2. Happiness is protective

It would be nice if a happiness intervention stopped all illness, but this field is relatively new. However, it can contribute in a smaller way. Happiness is associated with less risk of a stroke, diabetes, high blood pressure and arthritis. There is also some evidence that people with serious health conditions such as coronary artery disease, spinal cord injury and heart failure are more likely to recover more quickly when they feel happy.


3. Positive emotions strengthen resilience

A study of 175 Belgian adults, ages 40-65, who underwent blood tests for three inflammation markers found that the participants who experienced a broader range of positive emotions had lower levels of inflammation compared to those who experienced fewer positive emotions. You can put this into practice by noticing when you are experiencing a positive emotion and tag it. Tagging, or labeling it can help you experience more positive emotions throughout the rest of the day.


4. Be mindful

The effects of happiness based on positive psychology have been widely examined. An overview of more than 100 trials involving people with cancer, cardiovascular disease or other conditions showed that mindfulness improved depression, anxiety and stress compared with control conditions. And several studies of mindfulness for patients with chronic pain can help lessen distress and coping skills.


5. Move more

Do you remember, when you were young, Mom telling you to go outside and play? The behavior that has been studied most extensively regarding happiness is physical activity. The link between depression and physical inactivity has been recognized for many years.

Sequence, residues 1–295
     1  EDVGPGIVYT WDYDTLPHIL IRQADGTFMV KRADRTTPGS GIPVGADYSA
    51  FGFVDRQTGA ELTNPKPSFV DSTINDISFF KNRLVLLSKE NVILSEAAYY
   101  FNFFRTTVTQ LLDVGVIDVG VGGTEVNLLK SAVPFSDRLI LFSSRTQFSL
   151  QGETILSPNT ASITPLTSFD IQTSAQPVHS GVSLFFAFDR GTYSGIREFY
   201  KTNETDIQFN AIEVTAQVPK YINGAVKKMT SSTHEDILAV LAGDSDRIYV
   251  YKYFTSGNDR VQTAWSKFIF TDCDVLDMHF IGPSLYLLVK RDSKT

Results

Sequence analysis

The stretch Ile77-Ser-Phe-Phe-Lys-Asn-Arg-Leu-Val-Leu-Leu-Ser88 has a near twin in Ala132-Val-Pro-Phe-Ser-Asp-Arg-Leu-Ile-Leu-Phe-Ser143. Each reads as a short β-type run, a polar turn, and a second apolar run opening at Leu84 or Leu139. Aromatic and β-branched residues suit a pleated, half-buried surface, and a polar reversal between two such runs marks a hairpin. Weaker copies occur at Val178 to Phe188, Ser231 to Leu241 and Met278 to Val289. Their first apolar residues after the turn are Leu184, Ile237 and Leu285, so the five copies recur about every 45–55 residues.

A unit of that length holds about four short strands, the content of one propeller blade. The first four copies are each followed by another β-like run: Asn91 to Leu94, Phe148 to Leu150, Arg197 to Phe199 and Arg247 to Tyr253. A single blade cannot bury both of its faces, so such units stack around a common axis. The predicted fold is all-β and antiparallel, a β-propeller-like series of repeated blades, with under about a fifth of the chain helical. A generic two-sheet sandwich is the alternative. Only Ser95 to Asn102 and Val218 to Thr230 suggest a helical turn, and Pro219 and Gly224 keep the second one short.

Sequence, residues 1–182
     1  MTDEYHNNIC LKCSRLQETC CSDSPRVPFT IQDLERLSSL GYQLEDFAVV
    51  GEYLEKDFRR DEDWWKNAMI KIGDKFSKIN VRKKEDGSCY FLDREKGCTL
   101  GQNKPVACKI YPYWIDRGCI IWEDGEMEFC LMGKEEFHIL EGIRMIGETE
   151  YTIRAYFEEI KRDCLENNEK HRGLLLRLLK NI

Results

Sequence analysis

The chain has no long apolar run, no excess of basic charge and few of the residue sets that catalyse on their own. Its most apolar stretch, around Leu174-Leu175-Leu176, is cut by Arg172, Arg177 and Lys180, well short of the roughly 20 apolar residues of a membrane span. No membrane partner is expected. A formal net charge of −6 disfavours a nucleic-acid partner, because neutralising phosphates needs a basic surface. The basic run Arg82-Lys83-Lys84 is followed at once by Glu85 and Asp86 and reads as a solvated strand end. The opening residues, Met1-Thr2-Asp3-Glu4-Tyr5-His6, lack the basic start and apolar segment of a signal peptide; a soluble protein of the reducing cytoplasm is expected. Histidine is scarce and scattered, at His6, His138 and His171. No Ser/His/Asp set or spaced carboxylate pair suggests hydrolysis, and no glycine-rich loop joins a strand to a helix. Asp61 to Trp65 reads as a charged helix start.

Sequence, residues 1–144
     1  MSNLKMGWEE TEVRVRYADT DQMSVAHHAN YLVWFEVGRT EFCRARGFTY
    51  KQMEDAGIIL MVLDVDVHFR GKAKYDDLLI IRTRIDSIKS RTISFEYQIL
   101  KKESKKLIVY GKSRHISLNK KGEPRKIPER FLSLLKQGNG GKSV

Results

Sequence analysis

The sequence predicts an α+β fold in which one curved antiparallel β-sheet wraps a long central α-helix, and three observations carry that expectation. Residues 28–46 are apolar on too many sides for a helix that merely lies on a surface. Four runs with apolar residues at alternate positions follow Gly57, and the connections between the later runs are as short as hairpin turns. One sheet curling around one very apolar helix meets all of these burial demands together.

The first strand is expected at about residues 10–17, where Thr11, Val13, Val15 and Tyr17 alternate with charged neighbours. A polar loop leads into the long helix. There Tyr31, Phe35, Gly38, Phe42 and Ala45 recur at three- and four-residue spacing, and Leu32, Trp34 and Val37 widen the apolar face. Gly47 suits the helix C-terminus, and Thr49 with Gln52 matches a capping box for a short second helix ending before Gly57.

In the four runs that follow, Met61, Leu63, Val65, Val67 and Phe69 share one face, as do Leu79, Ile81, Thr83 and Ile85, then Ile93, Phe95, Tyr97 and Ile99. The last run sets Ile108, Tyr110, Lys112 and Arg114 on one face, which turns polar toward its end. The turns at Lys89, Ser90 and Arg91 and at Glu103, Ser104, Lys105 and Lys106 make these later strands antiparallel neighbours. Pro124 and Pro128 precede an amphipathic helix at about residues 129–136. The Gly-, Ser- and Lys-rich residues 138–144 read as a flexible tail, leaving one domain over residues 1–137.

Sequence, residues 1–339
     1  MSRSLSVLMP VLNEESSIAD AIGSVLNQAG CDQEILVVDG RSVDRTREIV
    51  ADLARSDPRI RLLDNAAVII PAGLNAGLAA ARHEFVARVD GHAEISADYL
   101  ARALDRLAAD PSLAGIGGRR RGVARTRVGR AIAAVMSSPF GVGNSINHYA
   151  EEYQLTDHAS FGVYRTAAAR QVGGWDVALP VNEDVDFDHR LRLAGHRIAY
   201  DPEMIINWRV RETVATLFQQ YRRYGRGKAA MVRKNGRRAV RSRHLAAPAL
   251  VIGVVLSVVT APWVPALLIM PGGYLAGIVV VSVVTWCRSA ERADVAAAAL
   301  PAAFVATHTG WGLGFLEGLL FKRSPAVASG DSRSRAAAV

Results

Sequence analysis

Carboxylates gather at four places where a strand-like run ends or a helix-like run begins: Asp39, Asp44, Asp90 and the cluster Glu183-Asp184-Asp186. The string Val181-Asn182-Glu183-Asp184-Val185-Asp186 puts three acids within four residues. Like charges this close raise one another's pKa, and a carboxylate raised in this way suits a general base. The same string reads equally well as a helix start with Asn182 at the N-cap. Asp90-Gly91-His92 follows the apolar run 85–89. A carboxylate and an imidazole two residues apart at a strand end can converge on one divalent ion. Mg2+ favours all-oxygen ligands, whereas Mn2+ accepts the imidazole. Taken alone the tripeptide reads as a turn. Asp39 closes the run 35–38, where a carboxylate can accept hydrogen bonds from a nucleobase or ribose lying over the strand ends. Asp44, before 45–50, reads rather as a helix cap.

6. Giving to appreciate our shared humanity

Doing something nice for someone changes the activity in your brain in ways that increase feelings of happiness. We are hard-wired to give. In a recent experiment, toddlers given goldfish, which researchers knew they adored, were twice as happy when they gave them away to a puppet named Monkey. For many of us though, it seems overwhelming, that your small donation can’t possibly make a difference. Being able to envision how your money will be spent does.


Connie Aronson is an ACSM-certified exercise physiologist at the YMCA in Ketchum. Learn more at www.conniearonson.com.

https://www.mtexpress.com/wood_river_journal/features/fitness-guru/article_5b001b86-1791-11ea-825b-ef55b4dcf33c.html ( excuse lack of edit! )

Breakfast: Better with or without before training?

Does it matter if you skip breakfast before a workout?

When it comes to your morning training, does it matter if you skip breakfast? For some, the idea of food early in the morning isn’t appealing. Currently, one-fourth of U.S. adults feel that way, and skip breakfast. But are there benefits of working out before breakfast?